The following post is a transcript of a 4-minute weekly radio commentary aired on several Utah radio stations:
This week the United States Supreme Court received arguments in two cases regarding same-sex marriage. The Proposition 8 case out of California concerns the constitutionality of a state constitutional amendment and the other case, the Defense of Marriage Act, concerns prohibitions on the federal government recognizing the same-sex relations of its federal employees.
There are many political and legal angles to these cases. The decisions basically rest in the hands of Justice Anthony Kennedy, who represents the court’s swing vote in such matters. In 2002, Justice Kennedy wrote the majority opinion for a case out of Texas that overturned that state’s sodomy laws and seemingly set a precedent that the court is looking for a way to support homosexuality under the law, including same-sex marriage.
However these two cases are ultimately decided, I have to wonder aloud if the average American today even understands the requirements of a free society. I’ll remind you of what I have stated repeatedly: A free society requires us to become our better selves. In other words, a free society cannot long endure an aggregate of bad behavior. If the people decide one day that stealing is actually fine, we would eventually lose our freedom. If the people decide one day that lying is okay, we would eventually lose our freedom. Or, if the people decide one day that infidelity in our most personal relationships is normal, we would eventually lose our freedom.
Bad behavior is the enemy of freedom. Yes, a free society is very patient and very forgiving. Individually, each of us has great liberties to work out our lives for the better. We stumble and we fail, but as long as we keep trying to better ourselves, in character and virtue, freedom remains undisturbed. It’s only when we give up on becoming our better selves, only when a majority of people argue that character and virtue don’t matter, only when a nation decides to redefine the best within us to mean anything we need it to mean in justifying bad behavior that our freedom is in jeopardy.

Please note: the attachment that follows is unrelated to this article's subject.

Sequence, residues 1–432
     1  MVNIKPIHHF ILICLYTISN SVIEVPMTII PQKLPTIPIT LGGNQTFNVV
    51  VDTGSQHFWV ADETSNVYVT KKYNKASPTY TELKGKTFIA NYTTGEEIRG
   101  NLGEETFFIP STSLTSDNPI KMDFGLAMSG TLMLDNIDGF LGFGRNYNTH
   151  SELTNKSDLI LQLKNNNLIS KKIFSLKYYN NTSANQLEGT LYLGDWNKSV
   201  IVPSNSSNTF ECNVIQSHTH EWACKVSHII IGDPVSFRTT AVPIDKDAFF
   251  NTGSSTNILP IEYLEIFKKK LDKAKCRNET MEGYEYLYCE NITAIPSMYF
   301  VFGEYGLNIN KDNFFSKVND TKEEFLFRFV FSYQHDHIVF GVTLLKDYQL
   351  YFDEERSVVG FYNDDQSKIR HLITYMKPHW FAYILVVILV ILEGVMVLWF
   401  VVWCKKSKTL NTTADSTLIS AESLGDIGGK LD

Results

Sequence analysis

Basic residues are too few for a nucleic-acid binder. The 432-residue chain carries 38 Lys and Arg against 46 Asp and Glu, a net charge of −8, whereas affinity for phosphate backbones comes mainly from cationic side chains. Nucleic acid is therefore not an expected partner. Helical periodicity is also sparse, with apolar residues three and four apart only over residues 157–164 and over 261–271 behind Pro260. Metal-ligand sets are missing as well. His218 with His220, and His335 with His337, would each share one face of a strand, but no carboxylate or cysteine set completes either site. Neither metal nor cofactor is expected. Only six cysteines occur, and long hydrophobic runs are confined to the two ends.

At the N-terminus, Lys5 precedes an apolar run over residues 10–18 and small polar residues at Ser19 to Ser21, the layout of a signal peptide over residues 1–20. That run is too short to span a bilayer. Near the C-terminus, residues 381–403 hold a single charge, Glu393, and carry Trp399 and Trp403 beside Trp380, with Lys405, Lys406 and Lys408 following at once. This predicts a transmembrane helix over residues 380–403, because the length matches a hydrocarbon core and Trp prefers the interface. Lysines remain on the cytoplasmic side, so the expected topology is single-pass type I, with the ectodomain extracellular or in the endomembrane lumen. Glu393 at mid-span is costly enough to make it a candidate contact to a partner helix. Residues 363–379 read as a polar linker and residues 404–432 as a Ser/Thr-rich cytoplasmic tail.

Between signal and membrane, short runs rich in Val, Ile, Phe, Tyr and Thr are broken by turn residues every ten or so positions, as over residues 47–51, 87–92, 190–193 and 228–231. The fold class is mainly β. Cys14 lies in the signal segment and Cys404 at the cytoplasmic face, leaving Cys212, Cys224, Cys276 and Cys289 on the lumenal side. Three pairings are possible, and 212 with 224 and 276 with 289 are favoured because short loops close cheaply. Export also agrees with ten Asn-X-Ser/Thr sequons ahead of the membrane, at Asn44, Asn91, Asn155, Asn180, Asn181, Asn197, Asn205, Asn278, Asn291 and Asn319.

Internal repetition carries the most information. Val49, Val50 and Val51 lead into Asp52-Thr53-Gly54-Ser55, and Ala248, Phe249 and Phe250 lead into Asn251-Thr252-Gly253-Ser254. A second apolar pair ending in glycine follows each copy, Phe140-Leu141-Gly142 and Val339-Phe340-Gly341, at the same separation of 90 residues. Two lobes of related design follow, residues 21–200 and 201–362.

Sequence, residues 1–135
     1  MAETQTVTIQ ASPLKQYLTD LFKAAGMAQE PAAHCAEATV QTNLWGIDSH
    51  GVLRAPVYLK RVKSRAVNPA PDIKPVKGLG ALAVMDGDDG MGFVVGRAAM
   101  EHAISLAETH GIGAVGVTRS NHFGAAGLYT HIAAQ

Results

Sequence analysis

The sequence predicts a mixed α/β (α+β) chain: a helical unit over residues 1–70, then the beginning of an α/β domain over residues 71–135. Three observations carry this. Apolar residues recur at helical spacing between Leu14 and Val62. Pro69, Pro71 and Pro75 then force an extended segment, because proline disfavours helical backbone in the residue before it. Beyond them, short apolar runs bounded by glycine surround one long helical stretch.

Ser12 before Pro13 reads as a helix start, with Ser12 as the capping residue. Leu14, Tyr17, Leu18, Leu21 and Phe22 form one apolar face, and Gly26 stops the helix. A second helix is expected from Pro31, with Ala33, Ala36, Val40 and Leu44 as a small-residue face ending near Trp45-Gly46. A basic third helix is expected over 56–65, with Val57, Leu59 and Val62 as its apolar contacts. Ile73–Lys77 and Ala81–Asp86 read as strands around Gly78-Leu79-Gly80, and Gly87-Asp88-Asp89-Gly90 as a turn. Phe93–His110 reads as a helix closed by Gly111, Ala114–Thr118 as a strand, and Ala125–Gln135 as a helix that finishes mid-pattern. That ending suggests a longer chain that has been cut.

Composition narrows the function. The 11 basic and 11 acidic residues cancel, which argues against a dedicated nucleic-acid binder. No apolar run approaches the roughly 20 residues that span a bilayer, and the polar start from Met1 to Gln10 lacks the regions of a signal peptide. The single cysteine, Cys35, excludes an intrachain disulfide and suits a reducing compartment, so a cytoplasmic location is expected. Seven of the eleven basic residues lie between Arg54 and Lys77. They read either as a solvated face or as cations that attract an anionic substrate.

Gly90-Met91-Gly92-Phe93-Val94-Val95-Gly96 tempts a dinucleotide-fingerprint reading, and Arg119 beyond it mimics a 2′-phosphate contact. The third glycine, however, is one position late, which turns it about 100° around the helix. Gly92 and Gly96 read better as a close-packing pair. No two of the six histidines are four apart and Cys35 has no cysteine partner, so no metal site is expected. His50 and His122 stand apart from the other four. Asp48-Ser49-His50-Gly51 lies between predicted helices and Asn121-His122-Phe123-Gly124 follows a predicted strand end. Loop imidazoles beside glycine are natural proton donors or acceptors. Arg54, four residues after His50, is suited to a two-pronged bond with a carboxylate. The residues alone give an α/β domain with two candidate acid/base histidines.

Here’s a personal test for you to determine whether or not you’re part of the problem – to determine whether you’re a friend of freedom or freedom’s enemy: When I say “a free society requires us to become our better selves,” what comes to your mind? Do you think, “That makes perfect sense,” or do you think, “Who is he to say that?” or “That’s exactly the kind of thinking that leads to big government.” Or do you think, “Of course that makes perfect sense but it’s not the role of government to help us become our better selves – that road only leads to slavery.”
There’s a lot we could talk about there but the idea itself raises another question regarding “gay rights”: How does homosexuality help us to become our better selves? What benefit to society is derived from two men being able to marry?
Again, a free society is very tolerant by nature. Everyone has wide latitude in working out their personal lives – and every one of us behaves badly to one degree or another. That’s a given. It’s part of life. But what a free society can ill afford is when the people decide to codify bad behavior in the law. Our laws increasingly reflect our dysfunctional selves, not our better selves. The argument over “gay rights” and same-sex marriage is ultimately an argument over whether or not we enshrine bad behavior in our laws. Being “gay” might be about personal feelings and sexual attractions for some. But our laws only know human behavior – and a free society requires that our laws sustain and encourage the best within us, not our selfish worst.
For Sutherland Institute, I’m Paul Mero. Thanks for listening.